|an entire week's worth at a time !!!|
The perfect do-ahead for busy people!
| First, an apology|
It's been a few weeks since I have posted and in that time I have forgotten how to transfer the photos Dave takes for me without going through a complicated process (which we also cannot remember!) of getting them from his computer to mine. Until our brain(s) kick into gear I have to make do with google image photos and some explanations.
I recently purchased my third Foodsaver (the first two were garage sale finds) and it came with an accessory attachment I thought sealed canning jars. Online I had found info making a week's worth of salads in a jar using this attachment. I hurried and sent for the special required lids because they had free shipping. I can't make them work with my attachment and am about to call the company to see what I am doing wrong.. In the mean time, while searching the net for help I ran across articles for making the same salads in canning jars without using the suction attachment. They claimed they also kept salads-in-jars fresh for six days.
Nine days ago I made my first salads in a jar, using romaine lettuce (which all sites recommend), tomatoes, cucumbers, and sliced green onions. I even cut the lettuce with a metal knife which I have always thought/been told will turn the lettuce brown---which, with traditional salads, it has!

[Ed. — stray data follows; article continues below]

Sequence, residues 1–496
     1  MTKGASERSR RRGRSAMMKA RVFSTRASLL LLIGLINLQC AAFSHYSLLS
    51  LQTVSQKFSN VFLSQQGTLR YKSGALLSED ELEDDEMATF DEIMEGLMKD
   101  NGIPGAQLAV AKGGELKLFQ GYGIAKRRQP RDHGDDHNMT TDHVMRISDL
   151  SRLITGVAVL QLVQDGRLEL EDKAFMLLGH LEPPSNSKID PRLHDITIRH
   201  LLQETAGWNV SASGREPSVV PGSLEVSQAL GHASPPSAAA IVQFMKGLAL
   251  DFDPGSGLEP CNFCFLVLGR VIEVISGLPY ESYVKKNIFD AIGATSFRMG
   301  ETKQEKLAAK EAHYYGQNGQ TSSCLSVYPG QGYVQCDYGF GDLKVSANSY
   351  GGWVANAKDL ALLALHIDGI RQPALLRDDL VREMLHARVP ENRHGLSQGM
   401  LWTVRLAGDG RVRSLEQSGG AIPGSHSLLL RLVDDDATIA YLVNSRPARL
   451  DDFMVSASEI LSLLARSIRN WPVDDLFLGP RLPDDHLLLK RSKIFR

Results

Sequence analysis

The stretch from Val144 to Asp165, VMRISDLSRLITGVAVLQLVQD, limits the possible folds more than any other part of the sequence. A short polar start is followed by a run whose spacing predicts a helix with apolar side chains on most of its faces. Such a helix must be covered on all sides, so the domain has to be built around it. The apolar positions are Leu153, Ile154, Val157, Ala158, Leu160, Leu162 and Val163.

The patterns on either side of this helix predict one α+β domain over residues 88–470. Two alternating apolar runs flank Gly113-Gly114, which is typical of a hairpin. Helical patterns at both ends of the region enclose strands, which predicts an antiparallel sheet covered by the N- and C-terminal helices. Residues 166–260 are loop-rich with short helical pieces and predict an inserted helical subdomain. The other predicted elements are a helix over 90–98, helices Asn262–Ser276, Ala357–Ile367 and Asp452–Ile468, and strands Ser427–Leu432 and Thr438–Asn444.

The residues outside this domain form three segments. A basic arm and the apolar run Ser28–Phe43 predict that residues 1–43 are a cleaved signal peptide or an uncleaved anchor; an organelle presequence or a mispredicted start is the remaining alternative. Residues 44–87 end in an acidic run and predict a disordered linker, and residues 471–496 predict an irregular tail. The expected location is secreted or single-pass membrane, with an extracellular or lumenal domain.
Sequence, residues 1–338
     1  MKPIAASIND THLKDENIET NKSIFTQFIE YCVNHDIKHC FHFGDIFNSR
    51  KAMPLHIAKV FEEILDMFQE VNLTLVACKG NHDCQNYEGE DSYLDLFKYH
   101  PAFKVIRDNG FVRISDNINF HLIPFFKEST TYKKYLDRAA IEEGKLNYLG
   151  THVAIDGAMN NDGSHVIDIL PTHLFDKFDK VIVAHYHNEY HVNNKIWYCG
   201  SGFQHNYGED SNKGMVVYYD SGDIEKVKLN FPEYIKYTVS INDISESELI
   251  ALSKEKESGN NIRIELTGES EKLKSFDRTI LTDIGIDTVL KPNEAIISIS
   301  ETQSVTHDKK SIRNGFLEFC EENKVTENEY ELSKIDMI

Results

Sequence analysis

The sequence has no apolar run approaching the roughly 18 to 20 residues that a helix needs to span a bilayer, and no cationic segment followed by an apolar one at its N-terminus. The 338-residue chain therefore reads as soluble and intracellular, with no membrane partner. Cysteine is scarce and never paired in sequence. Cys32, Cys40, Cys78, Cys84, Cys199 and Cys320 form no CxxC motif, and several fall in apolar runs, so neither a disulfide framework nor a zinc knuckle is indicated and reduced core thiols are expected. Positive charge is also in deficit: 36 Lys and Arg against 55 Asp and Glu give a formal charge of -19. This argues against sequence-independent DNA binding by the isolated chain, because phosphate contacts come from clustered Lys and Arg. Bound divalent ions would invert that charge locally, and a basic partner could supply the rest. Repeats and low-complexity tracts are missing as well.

Today, day ten, I made tostadas. The lettuce is still as crisp and crunchy and without blemish as day one! The below photo is another google image. My lettuce looks even better.
Now .... How!
The above photo shows cutting the romaine cross-ways. Before you do that slash it from root end to top 4 or 5 times. Then cut it across. I couldn't believe how fast it went and how great the resulting small pieces were. In the past I have always torn it. This way is so much better.
You can use any size jar that fits your needs and has a tight-fitting lid. For us the pint one are idea, especially the ones that have wide mouths. (Simply for ease in packing.)
You begin by putting your chopped "wet items" like the tomatoes, in first. (Some even put the dressing in first.) Continue adding whatever additions you want and then tightly stuff the chopped lettuce or whatever greens you want, filling the jar to the top.
Cap it with the canning lid and ring or other tight-fitting lidand refrigerate.
Until next time,
I am Simply, Gail, and so simple I can't figure out how I messed up the formatting so badly. I am sure it is a simple fix but . . .